In his Lunar New Year message sent to the media, Lee -- a father of four -- said growing Singaporean families was an "important priority" and that more local born babies were needed to maintain Singapore's national identity
"I fervently hope that this year will be a big Dragon year for babies... This is critical to preserve a Singapore core in our society," he said.
"We do not want to rely more and more heavily on immigration, nor do we want to see our population shrinking year by year."
The Year of the Dragon is regarded as the most auspicious to have a baby because it is the only mythical creature among the dozen animals that represent each year in the Chinese cosmic cycle.
Superstitious Chinese believe children born during the Year of the Dragon -- the symbol of ancient emperors -- will possess courage and wisdom and bring luck to the entire family.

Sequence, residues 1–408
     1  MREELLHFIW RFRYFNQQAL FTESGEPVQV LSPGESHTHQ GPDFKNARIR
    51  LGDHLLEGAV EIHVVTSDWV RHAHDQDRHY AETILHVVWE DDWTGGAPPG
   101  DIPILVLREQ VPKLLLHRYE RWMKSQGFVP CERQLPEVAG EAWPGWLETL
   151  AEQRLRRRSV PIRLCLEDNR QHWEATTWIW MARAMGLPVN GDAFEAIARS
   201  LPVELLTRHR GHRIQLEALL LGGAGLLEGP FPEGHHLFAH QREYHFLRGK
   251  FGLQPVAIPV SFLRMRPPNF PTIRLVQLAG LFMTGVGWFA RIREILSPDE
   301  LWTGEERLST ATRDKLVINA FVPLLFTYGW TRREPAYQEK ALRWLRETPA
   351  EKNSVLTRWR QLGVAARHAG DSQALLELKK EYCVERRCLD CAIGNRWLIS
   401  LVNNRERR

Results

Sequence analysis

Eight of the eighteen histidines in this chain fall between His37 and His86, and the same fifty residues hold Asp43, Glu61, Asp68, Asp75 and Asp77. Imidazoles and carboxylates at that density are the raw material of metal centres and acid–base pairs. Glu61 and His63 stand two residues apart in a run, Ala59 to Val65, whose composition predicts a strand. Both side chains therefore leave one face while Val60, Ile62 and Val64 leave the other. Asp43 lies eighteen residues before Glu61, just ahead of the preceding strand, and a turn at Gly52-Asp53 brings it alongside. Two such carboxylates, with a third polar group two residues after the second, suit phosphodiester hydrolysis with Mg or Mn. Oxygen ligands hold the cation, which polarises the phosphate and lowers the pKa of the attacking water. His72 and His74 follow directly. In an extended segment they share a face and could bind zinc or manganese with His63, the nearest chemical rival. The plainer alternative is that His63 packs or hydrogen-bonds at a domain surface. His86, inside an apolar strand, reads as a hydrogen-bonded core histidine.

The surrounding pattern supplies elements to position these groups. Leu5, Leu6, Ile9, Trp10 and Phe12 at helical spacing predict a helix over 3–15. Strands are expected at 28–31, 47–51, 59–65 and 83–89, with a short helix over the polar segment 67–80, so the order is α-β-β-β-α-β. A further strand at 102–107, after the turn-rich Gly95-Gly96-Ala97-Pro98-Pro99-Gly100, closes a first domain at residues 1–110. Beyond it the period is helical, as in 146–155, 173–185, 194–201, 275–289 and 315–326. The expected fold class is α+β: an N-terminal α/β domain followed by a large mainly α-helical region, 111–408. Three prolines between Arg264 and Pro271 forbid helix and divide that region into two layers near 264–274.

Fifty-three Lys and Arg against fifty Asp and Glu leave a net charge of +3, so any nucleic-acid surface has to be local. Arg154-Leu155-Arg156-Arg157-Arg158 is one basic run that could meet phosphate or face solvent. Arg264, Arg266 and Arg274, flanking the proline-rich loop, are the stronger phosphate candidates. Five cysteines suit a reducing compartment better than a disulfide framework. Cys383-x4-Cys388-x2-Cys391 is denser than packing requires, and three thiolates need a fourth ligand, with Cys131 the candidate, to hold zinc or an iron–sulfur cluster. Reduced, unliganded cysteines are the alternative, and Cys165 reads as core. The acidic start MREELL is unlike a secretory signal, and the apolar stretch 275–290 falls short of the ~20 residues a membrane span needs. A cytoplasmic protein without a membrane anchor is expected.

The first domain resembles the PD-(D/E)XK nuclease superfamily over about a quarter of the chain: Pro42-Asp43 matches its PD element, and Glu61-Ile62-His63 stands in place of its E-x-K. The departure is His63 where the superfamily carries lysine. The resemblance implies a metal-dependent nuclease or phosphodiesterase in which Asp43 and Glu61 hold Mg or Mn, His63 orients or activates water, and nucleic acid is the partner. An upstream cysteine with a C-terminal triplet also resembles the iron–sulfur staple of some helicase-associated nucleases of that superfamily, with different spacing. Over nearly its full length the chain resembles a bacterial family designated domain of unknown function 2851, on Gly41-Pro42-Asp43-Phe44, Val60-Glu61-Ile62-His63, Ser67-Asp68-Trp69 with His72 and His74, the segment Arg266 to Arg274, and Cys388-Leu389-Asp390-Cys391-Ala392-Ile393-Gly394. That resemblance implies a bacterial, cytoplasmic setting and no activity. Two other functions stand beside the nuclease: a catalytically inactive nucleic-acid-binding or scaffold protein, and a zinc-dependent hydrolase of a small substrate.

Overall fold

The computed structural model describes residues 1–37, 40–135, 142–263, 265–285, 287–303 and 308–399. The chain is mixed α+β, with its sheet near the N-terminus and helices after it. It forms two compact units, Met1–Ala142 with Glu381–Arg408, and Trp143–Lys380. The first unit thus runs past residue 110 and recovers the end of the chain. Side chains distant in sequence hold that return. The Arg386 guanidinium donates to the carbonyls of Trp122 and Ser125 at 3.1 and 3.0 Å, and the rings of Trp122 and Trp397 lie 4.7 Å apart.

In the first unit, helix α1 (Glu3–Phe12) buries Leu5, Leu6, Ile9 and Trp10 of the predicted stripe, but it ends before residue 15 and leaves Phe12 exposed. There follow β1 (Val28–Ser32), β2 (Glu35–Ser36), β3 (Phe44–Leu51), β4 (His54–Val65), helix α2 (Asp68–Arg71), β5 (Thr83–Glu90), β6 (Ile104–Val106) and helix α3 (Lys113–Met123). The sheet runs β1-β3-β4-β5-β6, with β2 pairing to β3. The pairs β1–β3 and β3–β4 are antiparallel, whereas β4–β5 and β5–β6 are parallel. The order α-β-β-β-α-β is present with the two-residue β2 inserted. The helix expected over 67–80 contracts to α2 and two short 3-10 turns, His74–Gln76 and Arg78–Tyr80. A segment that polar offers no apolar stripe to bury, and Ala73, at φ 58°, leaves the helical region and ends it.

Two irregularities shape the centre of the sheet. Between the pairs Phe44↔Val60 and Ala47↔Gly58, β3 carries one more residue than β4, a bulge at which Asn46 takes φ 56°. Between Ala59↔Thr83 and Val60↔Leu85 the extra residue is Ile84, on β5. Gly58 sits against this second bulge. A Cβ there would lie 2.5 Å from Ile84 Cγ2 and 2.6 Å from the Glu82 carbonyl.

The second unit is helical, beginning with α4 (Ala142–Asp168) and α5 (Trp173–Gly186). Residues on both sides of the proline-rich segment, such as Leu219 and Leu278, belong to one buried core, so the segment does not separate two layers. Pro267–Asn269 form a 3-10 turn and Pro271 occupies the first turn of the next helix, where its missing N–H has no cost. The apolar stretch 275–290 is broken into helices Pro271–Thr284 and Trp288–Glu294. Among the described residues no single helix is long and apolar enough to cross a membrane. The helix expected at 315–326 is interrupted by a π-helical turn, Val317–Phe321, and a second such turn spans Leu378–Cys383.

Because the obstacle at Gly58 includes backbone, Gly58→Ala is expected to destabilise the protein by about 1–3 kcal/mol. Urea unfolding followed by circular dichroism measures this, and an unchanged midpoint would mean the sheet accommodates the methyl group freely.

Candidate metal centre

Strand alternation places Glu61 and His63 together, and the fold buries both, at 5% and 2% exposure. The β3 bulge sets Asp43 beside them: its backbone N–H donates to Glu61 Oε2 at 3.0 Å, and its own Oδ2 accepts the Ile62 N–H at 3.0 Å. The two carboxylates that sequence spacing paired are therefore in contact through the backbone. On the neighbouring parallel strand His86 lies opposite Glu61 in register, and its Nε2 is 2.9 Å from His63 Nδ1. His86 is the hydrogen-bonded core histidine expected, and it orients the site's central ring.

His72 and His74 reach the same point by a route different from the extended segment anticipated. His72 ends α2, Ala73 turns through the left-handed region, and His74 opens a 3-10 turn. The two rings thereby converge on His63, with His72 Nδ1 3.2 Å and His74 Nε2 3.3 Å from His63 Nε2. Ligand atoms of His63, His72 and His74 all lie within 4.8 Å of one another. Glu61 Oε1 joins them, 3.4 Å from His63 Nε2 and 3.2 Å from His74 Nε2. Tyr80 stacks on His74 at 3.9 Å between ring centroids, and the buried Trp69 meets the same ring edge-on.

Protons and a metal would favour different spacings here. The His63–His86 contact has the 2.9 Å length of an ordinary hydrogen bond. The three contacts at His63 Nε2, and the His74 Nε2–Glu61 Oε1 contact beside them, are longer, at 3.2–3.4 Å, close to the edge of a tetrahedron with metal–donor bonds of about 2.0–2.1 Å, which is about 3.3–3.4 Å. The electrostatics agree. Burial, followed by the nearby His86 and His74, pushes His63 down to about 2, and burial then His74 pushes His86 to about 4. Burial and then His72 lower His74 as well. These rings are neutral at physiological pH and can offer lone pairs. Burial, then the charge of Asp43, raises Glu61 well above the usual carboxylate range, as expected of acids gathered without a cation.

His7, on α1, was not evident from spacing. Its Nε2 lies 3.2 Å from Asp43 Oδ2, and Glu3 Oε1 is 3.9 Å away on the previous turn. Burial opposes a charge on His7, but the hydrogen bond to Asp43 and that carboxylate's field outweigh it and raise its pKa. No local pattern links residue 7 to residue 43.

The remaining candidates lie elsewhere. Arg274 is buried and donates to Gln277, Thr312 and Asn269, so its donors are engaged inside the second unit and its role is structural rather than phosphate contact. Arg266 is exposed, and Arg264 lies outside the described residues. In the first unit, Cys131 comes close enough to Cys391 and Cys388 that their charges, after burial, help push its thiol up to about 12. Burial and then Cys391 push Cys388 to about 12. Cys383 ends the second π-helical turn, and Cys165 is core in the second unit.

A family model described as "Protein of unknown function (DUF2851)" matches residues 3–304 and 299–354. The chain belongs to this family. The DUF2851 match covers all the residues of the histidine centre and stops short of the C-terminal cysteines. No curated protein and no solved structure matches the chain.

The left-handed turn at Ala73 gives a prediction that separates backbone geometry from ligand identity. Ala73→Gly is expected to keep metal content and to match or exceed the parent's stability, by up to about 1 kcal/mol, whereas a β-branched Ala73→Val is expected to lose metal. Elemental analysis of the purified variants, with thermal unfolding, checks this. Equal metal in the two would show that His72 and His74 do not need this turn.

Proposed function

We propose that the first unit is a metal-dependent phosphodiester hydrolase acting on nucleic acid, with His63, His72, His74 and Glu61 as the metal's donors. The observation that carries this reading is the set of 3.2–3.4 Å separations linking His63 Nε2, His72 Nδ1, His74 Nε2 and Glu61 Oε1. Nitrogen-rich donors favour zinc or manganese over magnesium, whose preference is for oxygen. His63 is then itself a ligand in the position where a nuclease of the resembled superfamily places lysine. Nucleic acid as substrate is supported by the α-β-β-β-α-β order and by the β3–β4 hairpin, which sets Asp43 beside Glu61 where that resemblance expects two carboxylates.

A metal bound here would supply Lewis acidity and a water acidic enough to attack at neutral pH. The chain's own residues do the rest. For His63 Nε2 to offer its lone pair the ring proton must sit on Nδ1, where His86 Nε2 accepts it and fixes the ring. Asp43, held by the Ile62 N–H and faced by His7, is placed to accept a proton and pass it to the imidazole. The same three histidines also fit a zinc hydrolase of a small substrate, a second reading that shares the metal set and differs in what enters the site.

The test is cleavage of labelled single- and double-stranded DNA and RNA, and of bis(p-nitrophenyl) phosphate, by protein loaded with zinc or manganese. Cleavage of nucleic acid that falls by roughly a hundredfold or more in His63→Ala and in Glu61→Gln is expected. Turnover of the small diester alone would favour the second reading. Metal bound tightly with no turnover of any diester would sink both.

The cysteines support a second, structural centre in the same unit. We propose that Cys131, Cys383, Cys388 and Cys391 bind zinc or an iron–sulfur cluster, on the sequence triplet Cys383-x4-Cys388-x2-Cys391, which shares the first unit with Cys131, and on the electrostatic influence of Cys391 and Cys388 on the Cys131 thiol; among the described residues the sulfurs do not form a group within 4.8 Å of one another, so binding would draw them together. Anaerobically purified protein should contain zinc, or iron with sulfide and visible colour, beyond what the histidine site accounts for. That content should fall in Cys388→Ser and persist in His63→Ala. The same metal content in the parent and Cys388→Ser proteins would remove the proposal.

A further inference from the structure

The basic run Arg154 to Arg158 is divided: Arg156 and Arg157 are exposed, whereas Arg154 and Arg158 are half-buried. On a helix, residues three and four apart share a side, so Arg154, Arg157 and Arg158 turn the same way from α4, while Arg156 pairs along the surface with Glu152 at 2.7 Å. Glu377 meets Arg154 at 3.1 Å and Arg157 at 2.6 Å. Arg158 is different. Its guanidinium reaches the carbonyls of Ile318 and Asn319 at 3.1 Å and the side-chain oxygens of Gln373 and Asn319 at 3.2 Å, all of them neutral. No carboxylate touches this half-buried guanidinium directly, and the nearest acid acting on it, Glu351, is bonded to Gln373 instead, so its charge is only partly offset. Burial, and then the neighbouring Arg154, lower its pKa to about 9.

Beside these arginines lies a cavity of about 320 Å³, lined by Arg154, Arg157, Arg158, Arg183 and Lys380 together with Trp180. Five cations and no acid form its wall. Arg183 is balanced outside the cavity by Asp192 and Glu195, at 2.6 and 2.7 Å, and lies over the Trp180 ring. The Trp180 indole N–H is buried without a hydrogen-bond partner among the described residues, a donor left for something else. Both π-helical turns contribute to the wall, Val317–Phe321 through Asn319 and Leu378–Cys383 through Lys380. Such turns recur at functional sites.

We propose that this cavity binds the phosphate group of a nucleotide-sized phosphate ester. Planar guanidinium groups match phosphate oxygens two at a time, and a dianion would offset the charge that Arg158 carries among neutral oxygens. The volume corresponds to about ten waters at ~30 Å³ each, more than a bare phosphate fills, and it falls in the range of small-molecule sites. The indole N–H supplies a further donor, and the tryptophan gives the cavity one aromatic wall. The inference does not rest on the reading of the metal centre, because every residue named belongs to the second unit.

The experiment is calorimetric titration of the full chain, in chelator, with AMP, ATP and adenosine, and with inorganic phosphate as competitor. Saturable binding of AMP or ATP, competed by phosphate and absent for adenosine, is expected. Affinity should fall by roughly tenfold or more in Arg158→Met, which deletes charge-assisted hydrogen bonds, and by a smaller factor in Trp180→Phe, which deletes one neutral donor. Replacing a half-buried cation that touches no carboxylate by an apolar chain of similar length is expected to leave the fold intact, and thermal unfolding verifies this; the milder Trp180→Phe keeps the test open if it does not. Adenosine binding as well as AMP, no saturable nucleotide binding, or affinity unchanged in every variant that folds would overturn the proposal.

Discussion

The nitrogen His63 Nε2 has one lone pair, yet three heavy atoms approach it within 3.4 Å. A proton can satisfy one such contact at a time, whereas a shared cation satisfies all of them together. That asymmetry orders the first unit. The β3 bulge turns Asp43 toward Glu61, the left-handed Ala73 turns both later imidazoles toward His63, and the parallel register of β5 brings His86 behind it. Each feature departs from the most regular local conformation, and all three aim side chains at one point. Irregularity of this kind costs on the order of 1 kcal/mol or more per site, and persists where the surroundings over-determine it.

Historic data shows spikes of more than 10 percent in the city-state's total births during the most recent dragon years, 2000 and 1988, even as numbers declined in the interim years.
Referencing official data which showed Singapore's total fertility rate (TFR) dropping "steadily" from 1.60 babies per female in 2000 to 1.20 in 2011, Lee said the downward trend was "especially true" for Chinese Singaporeans.
Statistics showed Chinese Singaporeans' TFR dived from 1.43 in 2000 to 1.08 in 2011, the lowest among the three predominant races in Singapore.
Although the overall TFR for 2011 was a slight improvement on a record low of 1.15 two years ago it was far below the 2.1 babies needed for the population to replenish itself naturally.
"I do not think we have reversed the long-term downward trend," Lee said.
Singapore currently has a population of 5.2 million, a quarter of whom are foreigners.